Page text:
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I'm a Rio Carbon mp3 player addict
Rio Carbon - love at first listen
My name is Chaval and I'm a Rio Carbon mp3 player addict. There, I've said it. With the permission of the group, I'd like to share.
First up, a word to you cynics. This is not a commercial endorsement. Rio got out of the mp3 player business in 2005, and as far as I know, the brand is defunct. I have nothing to gain for my devotion.
I got my first Rio Carbon mp3 player sometime in 2004. It just felt right from the moment I slid it out of the box and felt that smooth teardrop-shaped case in the palm of my hand. Sensuous, I guess you might call it, if you were the sort of iLoser who attached human emotions to inanimate objects.
I liked the Rio Music manager software. Didn't love it, it was more a mature appreciation, an understanding, a friendly rapport. The device itself though, that was a long-term relationship, I knew. I was ready for commitment and wasn't interested in any of the blandishments the Apple people were throwing my way.
All that Mac stuff seemed designed for style-conscious egotists with a puerile weakness for pastel colours. And it was surely no coincidence that all their products have to begin with that lower-case i, the symbol of a pretentious solipsist.
Rio, whoever they were, had no such pseudo-ideology. Their mp3 players looked and felt superb, but that would have been futile if they hadn't sounded so richly satisfying.
I was an mp3 sceptic, I admit it. Not a Luddite as such, just someone who wondered why the future of music listening seemed to have reached a point where millions were slavering to compress their favourite songs into a format with the audio quality of a poorly-dubbed cassette.
Rio reassured me. Their player could offer excellent detail and bass response even in a modestly-ripped 192 kbs track. Go for the full 320 kbs, and the reproduction was seriously impressive.
When they went out of business, I panicked a little. Even as memory became cheaper, I knew there would never be a mighty Rio offering the 20GB memories of the Apples and Creatives. Their product was trapped in the amber of the digital mid-2000s, to be outstripped by all the easy consumer technology hitting the market-place.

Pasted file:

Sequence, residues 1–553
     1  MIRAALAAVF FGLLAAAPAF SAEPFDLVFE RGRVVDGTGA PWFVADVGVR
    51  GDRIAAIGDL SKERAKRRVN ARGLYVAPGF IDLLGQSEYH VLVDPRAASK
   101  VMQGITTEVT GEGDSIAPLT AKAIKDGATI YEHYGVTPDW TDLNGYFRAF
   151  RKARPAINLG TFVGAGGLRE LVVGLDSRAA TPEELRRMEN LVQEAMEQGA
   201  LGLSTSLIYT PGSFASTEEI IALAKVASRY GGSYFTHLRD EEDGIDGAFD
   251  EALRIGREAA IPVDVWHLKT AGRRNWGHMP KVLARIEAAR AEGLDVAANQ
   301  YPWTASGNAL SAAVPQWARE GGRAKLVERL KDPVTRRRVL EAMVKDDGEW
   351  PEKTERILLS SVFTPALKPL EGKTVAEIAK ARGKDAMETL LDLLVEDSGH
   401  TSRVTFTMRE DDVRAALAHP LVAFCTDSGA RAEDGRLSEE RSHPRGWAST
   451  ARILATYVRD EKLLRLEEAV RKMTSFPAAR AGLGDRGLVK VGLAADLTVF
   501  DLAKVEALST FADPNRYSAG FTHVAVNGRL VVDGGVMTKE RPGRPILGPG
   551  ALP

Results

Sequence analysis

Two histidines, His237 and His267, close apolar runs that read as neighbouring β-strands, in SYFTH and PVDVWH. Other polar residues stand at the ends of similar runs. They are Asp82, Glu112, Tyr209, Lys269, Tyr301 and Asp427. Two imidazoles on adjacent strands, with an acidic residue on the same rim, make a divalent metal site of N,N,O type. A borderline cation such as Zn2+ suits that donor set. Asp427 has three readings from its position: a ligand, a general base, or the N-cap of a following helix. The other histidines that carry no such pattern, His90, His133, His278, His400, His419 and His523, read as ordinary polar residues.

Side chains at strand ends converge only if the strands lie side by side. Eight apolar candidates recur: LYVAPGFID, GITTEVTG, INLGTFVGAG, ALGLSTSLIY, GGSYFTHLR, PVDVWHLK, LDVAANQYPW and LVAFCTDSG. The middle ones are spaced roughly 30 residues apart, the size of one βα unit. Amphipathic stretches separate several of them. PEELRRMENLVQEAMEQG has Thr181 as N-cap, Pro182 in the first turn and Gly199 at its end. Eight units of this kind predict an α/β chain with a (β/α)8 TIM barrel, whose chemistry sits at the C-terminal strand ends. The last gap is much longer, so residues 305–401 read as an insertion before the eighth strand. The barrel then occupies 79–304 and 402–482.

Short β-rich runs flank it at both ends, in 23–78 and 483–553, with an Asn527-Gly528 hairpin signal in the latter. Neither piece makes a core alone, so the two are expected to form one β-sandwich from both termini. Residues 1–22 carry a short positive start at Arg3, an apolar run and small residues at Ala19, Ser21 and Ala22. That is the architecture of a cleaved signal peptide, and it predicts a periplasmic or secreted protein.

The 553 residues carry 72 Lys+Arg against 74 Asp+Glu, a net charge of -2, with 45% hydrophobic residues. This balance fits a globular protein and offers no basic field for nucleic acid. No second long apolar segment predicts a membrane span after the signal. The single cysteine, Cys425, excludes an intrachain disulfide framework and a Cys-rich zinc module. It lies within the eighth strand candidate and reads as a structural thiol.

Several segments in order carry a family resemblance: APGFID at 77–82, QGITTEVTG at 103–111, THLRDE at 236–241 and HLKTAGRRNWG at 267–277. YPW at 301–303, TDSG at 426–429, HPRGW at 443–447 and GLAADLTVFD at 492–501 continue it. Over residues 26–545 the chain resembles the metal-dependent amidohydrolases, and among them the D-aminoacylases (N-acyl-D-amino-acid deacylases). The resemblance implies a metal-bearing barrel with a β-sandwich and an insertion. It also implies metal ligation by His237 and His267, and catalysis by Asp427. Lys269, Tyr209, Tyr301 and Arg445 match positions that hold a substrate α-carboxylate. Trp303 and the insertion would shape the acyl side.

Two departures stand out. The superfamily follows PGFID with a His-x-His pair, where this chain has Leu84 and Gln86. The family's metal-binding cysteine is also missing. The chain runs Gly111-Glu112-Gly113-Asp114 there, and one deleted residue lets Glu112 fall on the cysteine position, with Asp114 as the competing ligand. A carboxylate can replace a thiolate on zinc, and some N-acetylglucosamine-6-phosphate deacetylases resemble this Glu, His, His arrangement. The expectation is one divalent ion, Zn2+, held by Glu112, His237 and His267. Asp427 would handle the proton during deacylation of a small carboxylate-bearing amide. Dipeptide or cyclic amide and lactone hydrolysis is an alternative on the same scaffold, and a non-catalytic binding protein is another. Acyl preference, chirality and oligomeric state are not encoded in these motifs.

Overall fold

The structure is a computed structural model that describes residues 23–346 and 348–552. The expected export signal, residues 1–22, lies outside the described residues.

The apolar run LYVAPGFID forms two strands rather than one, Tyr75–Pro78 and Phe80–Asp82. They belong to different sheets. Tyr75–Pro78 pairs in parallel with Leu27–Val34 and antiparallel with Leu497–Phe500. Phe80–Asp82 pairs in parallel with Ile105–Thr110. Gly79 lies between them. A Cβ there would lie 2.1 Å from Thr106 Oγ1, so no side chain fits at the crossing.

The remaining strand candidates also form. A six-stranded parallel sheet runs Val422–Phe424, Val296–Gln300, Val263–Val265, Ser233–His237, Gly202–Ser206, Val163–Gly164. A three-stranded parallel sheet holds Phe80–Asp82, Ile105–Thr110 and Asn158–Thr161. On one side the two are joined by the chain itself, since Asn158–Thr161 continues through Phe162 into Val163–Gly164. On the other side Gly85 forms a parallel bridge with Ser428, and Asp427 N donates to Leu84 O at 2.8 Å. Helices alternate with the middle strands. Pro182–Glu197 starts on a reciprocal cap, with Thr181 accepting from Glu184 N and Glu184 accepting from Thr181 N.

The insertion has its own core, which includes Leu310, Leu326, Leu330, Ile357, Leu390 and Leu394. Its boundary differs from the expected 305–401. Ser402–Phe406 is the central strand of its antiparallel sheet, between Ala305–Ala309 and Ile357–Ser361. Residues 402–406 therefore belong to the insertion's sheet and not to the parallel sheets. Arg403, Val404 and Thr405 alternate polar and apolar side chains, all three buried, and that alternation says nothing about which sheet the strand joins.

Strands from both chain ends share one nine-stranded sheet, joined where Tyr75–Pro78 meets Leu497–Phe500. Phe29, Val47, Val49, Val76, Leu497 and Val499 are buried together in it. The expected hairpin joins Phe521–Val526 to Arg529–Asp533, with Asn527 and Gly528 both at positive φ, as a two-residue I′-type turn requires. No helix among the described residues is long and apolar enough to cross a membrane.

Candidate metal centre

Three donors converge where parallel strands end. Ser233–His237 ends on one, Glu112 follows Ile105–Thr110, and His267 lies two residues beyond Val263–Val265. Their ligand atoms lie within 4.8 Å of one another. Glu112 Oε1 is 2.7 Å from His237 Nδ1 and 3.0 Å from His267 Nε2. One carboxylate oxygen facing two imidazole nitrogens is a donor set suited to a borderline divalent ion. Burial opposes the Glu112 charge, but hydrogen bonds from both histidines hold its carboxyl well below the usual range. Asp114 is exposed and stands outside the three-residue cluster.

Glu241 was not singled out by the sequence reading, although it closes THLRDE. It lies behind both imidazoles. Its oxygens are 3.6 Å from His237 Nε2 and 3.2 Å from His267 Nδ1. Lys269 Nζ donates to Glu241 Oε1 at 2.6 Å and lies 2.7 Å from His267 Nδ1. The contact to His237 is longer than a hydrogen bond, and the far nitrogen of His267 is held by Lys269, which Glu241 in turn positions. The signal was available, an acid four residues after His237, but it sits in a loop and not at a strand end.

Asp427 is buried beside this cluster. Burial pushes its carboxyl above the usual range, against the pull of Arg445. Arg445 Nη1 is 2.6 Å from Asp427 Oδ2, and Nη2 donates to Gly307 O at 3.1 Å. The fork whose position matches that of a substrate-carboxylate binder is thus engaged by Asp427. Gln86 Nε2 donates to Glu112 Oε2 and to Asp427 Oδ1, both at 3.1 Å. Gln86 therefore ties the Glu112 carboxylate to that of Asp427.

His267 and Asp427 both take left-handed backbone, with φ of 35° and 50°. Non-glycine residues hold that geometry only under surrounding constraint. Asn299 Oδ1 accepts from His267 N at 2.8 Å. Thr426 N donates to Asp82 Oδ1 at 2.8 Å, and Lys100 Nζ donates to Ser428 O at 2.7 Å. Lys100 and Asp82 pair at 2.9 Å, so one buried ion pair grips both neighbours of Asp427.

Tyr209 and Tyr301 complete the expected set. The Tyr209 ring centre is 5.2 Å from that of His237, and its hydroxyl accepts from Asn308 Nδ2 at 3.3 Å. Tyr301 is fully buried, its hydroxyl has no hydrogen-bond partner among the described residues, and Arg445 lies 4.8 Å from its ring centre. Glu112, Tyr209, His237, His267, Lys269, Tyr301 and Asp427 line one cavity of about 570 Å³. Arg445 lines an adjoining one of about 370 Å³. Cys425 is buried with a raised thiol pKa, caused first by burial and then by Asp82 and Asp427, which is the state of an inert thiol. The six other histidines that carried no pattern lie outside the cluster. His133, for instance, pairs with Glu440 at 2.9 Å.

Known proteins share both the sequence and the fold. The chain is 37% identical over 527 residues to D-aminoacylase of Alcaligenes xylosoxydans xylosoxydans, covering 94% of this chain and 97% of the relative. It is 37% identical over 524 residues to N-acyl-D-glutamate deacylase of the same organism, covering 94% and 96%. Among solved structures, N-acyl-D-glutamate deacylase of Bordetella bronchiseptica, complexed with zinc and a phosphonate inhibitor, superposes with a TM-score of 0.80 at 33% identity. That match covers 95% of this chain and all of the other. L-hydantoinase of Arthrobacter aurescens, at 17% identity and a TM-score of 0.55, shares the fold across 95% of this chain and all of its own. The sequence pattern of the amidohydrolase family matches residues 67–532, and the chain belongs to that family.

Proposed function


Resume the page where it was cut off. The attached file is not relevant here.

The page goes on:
I turned to ebay, where fickle lovers, but not many of them, were ditching their Rios. They were rarely cheap. Anyone who had owned a Rio valued them, and there were numerous other addicts out there ready to push the prices up for the auctions. Gradually I assembled a team though. I'm glad I did it in time. These days a Rio Carbon on ebay might fetch around double its original retail price.
Love is never perfect
Sure there were downsides. The first of them was, did I mention that Rio went out of business in 2005? They left their beautiful product as an orphaned child of its time, powerless to fend for itself in a market dominated by those brash bullies from the Apple machine.
The company's disappearance might have had something to do with the peculiar generosity of furnishing their players with a 5GB drive that, at the time, was more valuable than the cost of the mp3 player. I'm not a business whizz, but that's a sum that doesn't add up.
That 5GB (or 6GB for later models) storage looks quaint and inadequate now, but actually it's perfectly fine. I travelled around the world on numerous business trips in the mid 2000s and never had the sensation of listening to the same music over and over again.
The problem is that, well, hate to break it to you like this, but things die. A lithium battery and a constantly-used hard drive are not supposed to last for seven years in the feverish world of consumer not-so-durables. I have two Rios left that work perfectly, and a handful with a collection of failings and defects that are loveable but troubling.
Despite being an incompetent repairman, I am considering the notion of replacing the hard drives with SD cards and adapters, heading back to ebay for replacement batteries, in short, fitting prosthetics to my Rio family to keep them functioning.
It's a thought, although there is also the dream . . . the dream of unearthing a rare prototype of the fabled Rio Avalon, an 8GB model that was scrapped when Rio disappeared. Like Avalon itself it's a mythical idyll that will never be found in this life, but it is every Rio addict's nirvana.